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Brenman, M. (1949). Case Histories in Clinical and Abnormal Psychology: Edited by Arthur Burton and Robert E. Harris. New York and London: Harper & Brothers, 1947. 680 pp.. Psychoanal Q., 18:238-240.

(1949). Psychoanalytic Quarterly, 18:238-240

Case Histories in Clinical and Abnormal Psychology: Edited by Arthur Burton and Robert E. Harris. New York and London: Harper & Brothers, 1947. 680 pp.

Review by:
Margaret Brenman

The most provocative communication in these six hundred and eighty pages is the introduction by Henry Murray. The great sweep of his preliminary discussion, together with his acute critique of the book, make its contents seem on the whole quite pedestrian. It is difficult to imagine how the editors could keep this collection of case discussions, written by clinical psychologists and psychiatrists, and intended for students, from being an anticlimax; yet one feels disappointed that the contrast is so sharp.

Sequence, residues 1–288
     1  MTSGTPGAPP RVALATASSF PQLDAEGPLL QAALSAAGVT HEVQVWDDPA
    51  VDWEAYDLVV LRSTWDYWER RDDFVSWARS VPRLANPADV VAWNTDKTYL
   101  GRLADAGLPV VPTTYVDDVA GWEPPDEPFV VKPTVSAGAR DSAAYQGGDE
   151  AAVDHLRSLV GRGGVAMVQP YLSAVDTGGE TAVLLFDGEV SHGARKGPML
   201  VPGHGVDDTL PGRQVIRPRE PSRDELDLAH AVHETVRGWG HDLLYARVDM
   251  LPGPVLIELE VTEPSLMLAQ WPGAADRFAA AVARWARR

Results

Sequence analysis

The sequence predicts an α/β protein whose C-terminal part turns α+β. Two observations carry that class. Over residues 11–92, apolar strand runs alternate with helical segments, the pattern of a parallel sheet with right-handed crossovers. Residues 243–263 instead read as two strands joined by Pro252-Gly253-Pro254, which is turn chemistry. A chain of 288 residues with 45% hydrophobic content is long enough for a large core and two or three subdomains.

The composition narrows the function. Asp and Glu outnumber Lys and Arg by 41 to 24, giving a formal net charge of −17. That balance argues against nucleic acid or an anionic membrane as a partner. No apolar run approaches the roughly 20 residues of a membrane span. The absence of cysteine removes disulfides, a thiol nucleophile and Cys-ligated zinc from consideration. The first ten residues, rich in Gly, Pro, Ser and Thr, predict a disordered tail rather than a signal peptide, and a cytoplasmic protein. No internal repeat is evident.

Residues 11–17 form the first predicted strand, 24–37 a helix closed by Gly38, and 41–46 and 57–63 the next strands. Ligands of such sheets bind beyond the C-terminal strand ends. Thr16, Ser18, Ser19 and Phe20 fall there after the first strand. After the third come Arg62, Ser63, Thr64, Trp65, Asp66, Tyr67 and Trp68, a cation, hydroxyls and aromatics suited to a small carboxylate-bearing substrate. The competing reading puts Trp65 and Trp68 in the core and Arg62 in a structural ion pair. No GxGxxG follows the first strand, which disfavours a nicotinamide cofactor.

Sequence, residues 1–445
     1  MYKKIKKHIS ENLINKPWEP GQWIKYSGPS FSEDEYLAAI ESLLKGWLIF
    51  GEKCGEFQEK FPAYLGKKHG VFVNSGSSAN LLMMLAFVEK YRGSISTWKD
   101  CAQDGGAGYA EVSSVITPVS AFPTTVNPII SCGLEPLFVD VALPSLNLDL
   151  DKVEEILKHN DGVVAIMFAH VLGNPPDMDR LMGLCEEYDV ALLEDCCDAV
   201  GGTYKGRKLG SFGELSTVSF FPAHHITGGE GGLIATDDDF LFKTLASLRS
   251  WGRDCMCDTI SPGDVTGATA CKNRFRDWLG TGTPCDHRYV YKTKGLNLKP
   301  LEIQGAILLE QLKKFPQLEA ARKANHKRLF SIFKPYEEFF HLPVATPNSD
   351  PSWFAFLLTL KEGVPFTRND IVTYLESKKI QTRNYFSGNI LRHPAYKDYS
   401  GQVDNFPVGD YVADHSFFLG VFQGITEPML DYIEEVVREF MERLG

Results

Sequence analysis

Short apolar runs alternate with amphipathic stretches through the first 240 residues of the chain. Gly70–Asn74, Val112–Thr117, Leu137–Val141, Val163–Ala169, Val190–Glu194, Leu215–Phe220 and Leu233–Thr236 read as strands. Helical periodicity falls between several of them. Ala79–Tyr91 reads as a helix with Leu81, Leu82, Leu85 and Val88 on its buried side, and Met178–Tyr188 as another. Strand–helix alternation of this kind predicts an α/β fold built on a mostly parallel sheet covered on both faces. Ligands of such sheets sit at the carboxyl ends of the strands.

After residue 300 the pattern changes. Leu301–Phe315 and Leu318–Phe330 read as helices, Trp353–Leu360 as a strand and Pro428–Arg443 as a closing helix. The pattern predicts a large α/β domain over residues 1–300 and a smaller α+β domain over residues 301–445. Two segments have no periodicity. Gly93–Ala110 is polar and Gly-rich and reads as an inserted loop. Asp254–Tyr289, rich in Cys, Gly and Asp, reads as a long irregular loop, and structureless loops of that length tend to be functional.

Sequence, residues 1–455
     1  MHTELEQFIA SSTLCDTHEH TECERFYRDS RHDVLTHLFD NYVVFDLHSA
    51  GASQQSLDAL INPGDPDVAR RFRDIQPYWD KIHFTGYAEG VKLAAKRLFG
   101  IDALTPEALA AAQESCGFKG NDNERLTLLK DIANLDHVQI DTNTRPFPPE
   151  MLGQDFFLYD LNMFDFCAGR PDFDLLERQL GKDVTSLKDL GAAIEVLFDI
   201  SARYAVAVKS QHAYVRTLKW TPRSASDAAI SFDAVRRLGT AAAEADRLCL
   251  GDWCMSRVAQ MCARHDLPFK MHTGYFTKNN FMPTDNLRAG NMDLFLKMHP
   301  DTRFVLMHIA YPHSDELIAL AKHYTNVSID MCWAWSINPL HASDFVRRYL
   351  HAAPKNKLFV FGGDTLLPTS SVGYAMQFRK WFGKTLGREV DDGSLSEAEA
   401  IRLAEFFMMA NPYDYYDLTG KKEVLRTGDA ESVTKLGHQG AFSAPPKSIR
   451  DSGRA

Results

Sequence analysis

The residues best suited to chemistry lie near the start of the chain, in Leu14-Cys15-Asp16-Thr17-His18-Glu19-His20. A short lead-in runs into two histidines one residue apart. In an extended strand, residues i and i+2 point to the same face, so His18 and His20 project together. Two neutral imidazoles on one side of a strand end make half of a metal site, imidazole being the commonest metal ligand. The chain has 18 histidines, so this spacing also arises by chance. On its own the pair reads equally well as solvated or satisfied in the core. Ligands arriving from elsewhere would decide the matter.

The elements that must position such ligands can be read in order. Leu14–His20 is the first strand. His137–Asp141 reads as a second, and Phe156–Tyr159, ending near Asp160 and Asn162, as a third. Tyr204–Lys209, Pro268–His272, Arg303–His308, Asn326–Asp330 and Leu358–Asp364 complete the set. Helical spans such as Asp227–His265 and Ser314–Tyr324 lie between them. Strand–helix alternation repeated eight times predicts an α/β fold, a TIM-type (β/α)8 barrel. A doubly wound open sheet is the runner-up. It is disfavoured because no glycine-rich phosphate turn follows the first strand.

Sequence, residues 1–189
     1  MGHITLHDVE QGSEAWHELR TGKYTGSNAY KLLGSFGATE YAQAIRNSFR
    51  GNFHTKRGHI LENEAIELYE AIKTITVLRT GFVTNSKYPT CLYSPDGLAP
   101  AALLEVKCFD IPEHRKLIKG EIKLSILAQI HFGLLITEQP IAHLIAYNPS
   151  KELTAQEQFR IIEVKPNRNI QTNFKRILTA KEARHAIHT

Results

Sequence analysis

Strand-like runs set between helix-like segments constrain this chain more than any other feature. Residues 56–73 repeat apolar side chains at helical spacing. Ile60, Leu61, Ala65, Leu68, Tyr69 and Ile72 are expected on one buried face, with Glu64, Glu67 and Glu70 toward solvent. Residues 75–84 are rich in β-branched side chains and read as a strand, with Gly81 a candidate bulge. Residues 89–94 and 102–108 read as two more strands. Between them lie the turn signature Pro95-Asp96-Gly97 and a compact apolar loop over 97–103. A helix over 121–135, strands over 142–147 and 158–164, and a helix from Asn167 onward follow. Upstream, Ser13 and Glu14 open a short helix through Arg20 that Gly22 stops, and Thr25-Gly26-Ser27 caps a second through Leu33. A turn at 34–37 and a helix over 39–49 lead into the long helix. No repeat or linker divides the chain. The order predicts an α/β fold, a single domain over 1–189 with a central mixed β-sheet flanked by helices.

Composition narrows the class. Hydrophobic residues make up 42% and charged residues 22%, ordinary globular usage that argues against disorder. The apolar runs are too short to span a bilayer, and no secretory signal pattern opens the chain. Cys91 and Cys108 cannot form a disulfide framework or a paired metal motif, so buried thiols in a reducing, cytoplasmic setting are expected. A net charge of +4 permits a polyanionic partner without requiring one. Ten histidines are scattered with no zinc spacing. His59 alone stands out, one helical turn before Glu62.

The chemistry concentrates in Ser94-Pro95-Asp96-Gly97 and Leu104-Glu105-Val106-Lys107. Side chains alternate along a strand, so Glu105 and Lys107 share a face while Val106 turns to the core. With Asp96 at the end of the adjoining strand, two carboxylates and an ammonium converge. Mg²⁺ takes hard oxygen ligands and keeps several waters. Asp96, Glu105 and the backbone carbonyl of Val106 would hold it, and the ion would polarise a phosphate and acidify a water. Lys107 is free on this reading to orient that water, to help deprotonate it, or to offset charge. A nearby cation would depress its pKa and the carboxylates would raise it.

Most of these forty-three presentations consist of clinical histories, usually including a strictly phenomenological description from the psychiatrist's record, a detailed presentation of the psychodiagnostic studies made by the psychologist, and a final discussion. Others are simply sketches of 'typical' cases from various nosological categories. A few give an account of the course of psychotherapy conducted by the clinical psychologist. There is great unevenness throughout; some of the papers demonstrate admirably high levels of competence both in clinical description and in psychodiagnostic evaluation, while others seem embarrassingly naïve and superficial. While such unevenness is characteristic of any work of many authors, the extremes shown here may well reflect the lack of developed

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